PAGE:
Rational Sciences in Islam
Centered at McGill University, the project to study the rational sciences in Islam will investigate the philosophical, scientific, and theological traditions of Islam in a holistic manner. Our primary goal is to increase our understanding of how Muslim scholars and the various publics making up Islamic societies explored the world through rational means, and the products and consequences of those explorations.
This complex project is made up of three components: the Islamic Scientific Manuscripts Initiative (ISMI), the Post-classical Islamic Philosophy Database Initiative (PIPDI), and Scientific Traditions in Islamic Societies (STIS) project.
We heartily invite you to visit the sites of these component projects and learn more about these exciting initiatives and our sponsors and partners.
Scientific Traditions in Islamic Societies (STIS):
INTELLECTUAL, INSTITUTIONAL, RELIGIOUS, AND SOCIAL CONTEXTS
This research program aims to transform the conventional view of pre-1800 Islamic intellectual history by providing concrete and verifiable evidence that a non-religious cosmology was integrated into the worldview of a substantial number of Muslim intellectuals and educated laypeople, and that this worldview found a place within both religious and secular institutions. It also aims to challenge our understanding of early modern European science by showing that a number of its salient features usually taken to prove European exceptionalism had, in fact, Islamic roots. To accomplish these goals, the program focuses on three main research themes: 1) the development of a secular, scientific cosmology that became integral to Islamic societies; 2) the transformation of Hellenistic astronomy within Islam that laid the foundation for modern science; and 3) the evolution of the relationship between an independent science and Abrahamic revelation that is one of the cornerstones of modernism.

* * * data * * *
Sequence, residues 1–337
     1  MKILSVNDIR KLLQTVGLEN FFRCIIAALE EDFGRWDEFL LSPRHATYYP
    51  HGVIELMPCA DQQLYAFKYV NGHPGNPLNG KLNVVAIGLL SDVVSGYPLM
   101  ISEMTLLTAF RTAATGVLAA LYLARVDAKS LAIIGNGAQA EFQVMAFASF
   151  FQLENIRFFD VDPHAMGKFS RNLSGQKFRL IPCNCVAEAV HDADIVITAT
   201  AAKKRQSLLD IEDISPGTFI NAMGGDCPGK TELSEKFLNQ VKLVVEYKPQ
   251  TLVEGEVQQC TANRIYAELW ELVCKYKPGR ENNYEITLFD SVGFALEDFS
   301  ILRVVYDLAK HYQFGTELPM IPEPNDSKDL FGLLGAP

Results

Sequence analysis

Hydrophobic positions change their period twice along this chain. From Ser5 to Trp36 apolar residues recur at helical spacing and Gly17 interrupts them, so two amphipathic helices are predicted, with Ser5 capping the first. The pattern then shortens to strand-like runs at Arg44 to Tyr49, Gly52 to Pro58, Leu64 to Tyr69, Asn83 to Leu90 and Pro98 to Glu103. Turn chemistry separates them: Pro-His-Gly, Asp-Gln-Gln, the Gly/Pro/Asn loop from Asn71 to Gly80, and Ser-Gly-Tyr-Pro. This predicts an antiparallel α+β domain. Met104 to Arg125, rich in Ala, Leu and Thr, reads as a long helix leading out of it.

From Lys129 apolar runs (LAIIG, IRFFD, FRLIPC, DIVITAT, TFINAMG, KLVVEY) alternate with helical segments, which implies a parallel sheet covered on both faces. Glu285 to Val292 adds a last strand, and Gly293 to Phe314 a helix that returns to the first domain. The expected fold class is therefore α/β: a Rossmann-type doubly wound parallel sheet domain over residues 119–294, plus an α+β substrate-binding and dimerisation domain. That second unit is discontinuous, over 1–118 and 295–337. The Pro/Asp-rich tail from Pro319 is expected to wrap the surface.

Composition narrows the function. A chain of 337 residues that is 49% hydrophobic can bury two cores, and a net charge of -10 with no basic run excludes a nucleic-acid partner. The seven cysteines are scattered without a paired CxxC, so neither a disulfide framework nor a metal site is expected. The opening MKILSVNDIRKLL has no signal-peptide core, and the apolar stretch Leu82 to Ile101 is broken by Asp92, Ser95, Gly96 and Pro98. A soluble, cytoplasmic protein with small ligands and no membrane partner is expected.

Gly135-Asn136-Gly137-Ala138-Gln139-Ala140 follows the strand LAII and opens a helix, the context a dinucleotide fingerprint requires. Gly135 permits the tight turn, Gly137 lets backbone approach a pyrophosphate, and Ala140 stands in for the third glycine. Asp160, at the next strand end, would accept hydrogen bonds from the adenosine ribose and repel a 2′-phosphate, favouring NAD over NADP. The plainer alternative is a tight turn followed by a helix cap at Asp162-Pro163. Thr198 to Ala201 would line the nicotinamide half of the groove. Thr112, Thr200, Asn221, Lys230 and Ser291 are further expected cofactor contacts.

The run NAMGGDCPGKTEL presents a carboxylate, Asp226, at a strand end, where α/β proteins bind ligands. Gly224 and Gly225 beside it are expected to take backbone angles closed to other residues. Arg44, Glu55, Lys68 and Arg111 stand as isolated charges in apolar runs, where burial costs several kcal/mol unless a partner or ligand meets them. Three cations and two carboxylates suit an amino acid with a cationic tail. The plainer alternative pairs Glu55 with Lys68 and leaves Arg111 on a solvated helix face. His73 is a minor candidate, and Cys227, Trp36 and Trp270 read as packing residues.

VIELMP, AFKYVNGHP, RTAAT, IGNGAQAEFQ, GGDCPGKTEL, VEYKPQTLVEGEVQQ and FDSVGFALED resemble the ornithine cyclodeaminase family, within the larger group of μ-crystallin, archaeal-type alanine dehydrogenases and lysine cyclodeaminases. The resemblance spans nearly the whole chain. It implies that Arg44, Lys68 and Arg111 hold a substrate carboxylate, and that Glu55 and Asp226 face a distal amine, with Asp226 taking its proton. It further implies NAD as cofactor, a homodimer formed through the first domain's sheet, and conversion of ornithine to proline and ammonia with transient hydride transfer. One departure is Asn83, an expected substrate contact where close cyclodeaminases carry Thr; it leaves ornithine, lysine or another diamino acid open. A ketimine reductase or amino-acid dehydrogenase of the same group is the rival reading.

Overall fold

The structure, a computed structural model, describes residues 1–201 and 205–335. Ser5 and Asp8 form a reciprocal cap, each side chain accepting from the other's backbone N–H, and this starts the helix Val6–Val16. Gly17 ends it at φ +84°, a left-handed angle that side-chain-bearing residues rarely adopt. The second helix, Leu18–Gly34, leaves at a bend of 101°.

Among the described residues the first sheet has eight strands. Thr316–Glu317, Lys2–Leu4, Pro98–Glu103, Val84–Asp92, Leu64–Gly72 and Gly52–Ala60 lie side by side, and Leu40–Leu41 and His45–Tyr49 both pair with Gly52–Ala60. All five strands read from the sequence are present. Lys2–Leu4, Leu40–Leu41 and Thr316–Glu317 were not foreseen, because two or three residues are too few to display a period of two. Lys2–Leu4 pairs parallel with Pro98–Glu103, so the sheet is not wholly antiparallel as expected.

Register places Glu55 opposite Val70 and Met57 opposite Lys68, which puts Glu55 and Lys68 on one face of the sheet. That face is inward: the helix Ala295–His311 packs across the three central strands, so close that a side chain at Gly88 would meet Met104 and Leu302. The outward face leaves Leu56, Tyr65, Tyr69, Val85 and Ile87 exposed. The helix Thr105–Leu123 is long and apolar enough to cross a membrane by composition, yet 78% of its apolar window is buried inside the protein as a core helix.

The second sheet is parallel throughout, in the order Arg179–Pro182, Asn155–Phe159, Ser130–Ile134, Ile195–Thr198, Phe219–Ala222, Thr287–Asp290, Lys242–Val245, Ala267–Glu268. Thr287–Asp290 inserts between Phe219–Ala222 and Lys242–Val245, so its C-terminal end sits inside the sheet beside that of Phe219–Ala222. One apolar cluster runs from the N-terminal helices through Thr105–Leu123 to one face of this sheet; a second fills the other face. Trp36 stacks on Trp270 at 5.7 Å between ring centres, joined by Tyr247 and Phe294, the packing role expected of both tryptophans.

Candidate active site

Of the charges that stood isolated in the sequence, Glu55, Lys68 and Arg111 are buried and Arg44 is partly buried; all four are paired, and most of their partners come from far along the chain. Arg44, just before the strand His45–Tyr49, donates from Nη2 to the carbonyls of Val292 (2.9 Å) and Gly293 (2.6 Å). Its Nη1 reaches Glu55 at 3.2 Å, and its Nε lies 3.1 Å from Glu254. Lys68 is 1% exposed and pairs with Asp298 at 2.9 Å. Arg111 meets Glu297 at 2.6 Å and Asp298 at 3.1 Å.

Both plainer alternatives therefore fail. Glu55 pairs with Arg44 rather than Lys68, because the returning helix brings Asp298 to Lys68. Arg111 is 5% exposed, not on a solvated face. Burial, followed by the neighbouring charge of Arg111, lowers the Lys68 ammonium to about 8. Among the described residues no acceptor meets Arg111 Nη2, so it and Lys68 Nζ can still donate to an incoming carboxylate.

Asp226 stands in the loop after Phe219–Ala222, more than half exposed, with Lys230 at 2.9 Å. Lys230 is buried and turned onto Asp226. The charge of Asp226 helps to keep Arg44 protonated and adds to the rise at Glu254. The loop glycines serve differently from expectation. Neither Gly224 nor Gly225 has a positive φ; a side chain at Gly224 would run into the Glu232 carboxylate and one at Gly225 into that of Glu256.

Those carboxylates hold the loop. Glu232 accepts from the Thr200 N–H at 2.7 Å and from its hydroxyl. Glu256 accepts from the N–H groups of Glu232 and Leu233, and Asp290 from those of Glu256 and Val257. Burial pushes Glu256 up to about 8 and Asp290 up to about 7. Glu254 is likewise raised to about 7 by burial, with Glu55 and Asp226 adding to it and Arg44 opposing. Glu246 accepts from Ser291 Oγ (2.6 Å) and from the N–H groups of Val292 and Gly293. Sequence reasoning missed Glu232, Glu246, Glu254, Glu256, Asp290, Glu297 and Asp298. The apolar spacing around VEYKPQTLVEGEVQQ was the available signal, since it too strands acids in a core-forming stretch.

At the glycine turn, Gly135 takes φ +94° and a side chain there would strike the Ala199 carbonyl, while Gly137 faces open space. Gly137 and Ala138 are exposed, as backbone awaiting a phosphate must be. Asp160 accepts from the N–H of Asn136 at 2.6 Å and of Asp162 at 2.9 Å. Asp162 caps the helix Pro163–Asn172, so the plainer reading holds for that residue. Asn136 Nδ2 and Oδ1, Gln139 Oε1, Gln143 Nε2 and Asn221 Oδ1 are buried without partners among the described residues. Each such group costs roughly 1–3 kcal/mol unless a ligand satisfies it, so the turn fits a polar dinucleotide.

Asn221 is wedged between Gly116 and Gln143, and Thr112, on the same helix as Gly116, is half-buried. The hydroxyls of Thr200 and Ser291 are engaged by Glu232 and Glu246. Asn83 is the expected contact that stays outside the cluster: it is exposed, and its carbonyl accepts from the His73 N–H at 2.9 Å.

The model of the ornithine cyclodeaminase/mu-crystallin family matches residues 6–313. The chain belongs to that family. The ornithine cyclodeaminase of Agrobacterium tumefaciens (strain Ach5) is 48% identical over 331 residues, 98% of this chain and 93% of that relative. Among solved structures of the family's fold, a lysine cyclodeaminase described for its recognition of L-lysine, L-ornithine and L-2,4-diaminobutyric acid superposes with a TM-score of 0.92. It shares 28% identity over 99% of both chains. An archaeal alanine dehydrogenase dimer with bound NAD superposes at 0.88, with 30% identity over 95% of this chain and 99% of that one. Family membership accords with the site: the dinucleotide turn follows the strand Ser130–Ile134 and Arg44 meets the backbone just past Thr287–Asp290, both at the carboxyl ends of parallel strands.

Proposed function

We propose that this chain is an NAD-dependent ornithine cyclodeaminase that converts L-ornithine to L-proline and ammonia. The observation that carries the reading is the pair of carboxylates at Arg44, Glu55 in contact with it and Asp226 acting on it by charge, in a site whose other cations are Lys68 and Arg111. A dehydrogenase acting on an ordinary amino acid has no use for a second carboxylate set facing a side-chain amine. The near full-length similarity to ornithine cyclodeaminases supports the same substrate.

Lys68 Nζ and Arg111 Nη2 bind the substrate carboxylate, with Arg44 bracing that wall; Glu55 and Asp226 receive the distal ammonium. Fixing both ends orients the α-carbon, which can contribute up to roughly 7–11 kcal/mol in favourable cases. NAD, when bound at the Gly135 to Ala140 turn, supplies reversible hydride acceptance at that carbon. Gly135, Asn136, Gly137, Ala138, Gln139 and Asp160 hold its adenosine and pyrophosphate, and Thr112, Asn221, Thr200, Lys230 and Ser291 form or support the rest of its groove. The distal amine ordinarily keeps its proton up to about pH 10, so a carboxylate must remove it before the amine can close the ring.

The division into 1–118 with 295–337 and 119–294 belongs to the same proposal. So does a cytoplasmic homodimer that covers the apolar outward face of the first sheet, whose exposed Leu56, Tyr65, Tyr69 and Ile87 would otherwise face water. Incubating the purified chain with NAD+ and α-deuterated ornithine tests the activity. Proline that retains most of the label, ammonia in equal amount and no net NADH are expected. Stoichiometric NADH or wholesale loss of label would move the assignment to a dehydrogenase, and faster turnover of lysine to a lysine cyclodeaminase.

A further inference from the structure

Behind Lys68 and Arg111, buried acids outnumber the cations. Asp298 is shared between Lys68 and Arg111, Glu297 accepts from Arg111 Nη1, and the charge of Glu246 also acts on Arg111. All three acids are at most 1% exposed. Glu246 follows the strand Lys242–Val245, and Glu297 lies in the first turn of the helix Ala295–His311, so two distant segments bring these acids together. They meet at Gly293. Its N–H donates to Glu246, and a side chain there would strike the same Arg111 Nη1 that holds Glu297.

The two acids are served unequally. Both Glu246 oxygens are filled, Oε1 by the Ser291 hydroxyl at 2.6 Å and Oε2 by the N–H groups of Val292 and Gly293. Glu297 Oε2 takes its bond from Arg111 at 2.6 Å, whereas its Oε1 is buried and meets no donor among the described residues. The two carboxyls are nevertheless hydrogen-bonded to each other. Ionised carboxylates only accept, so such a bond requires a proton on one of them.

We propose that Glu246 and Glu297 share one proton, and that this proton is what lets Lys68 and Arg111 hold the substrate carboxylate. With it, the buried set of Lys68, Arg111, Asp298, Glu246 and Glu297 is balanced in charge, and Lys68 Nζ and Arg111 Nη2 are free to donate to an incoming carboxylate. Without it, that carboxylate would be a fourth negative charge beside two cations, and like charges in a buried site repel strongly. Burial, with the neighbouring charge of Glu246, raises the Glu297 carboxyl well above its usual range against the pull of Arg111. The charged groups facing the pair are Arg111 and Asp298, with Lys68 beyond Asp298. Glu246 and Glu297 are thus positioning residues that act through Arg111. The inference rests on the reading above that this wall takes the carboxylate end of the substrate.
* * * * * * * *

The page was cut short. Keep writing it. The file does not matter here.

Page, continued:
The methodology will consist of the careful examination of previously unstudied but nevertheless key works in Islamic scientific cosmology and the use of an innovative, sophisticated database that will map the intellectual, institutional, religious, and social contexts of this tradition. This project and its database will provide the model and methodological basis for a larger international collaboration of the leading researchers and institutions in all fields of Islamic science.
Post-classical Islamic Philosophy Database Initiative (PIPDI)
The Post-classical Islamic Philosophy Database Initiative (PIPDI) will create the infrastructure that is needed for a systematic investigation of the vast but severely understudied corpus of Islamic philosophical texts dating from 1100-1900CE. These post-classical texts include original and exegetical works on logic (syllogistic and dialectic), philosophy of language, epistemology, ethics, metaphysics (ontology and theology), natural philosophy and cosmology, and philosophy of mind.
Islamic Scientific Manuscripts Initiative (ISMI)
This project aims to make available a vast array of information about the exact sciences in the premodern Islamic world. Through the internet, this material will be accessible without charge both to researchers and experts in the field and to the educated public worldwide. It will be an online database that contains the works of some 1,700 authors who span the entire Islamic world from Islamic Spain to India and the borders of China, beginning in the eighth century and continuing until the nineteenth. These works in astronomy, mathematics, physics, geography, mechanics, and related disciplines number in the thousands and are represented, conservatively speaking, by tens of thousands of manuscript copies spread throughout the world.